From Where the Song Comes

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As a prolific songwriter, I have been asked dozens of times by fellow musicians and non-musicians the same thought-provoking question: Where do your songs come from? What a fascinating question, huh? The most interesting part of that inquiry is that I cannot pinpoint exactly where my songs come from. But I do think it is worth thinking about. I’ll share my thoughts with you.

Very often, I am inspired to write a song after hearing another song. I’ve heard it said that the musician’s greatest muse is often someone else’s music. I can attest to this. It would be impossible to list the countless times favorite songs of mine inspired me to create something in the same mood or vibe. It could be an entire tune, a specific phrase, or even one particular note that puts me in the songwriting mood.

It seems to me that most of my songs come from a place of necessary creative expression. There are times when I absolutely must stop what I am doing to hammer out a melody, write down some lyrics, or fiddle around with some chords. It is very much like an itch that needs to be scratched, lest I go a little bit loopy. These attacks of creativity and expression seem random, but I am guessing that there is some sort of trigger that fuels them.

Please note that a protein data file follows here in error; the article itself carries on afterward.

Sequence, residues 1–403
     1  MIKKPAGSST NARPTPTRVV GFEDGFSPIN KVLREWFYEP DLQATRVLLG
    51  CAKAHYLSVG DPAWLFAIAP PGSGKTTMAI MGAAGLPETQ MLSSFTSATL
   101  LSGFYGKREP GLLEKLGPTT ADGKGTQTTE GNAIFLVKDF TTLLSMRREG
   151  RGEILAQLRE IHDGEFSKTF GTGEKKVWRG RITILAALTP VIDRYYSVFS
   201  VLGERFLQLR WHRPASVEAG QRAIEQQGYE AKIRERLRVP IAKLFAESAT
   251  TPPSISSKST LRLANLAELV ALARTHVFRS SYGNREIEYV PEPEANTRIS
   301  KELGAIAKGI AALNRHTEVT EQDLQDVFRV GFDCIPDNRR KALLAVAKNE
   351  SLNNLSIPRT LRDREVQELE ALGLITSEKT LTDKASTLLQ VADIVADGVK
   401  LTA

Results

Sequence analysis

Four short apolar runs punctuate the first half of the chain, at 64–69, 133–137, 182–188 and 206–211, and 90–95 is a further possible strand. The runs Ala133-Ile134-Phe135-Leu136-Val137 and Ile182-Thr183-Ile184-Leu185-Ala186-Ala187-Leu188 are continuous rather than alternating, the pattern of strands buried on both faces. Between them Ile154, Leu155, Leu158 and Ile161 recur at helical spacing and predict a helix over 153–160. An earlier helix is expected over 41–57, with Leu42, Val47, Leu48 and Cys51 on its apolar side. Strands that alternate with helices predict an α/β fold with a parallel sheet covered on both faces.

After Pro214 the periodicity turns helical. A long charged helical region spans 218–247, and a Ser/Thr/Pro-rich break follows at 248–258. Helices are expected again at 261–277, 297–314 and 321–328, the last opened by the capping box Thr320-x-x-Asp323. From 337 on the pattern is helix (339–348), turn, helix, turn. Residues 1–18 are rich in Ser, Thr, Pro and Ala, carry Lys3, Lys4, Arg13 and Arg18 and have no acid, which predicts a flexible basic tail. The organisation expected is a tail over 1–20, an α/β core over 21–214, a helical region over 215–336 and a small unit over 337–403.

Every now and then I experience emotions so strong that they stir my creative juices. It might be a moment of extreme pride in my children, or a painful feeling of loss for someone who has passed, or an overwhelming sense of adoration and appreciation for a cherished lover or friend. The more I think about it, the more I realize that these emotional moments are most often the source of my songs.

If you are a songwriter, I’d love to hear your thoughts on this. Where do your songs come from?

One Comment on “From Where the Song Comes

  1. Wonderful post, Eileen. It’s been my experience to be inspired to write lyric on cocktail napkins, odd pieces of scrap paper, even sticky notes and then I can never part with it because it’s as if the paper holds some magic and is able to resurrect the original inspiration. Most of the time I will write lyric and music at the same time, based on learning a new riff or cord or, as you experience, a strong emotion… even a newspaper article. I most often find it’s as if the song has a life of it’s own and only needs me to make it ‘visible’ and ‘audible’.

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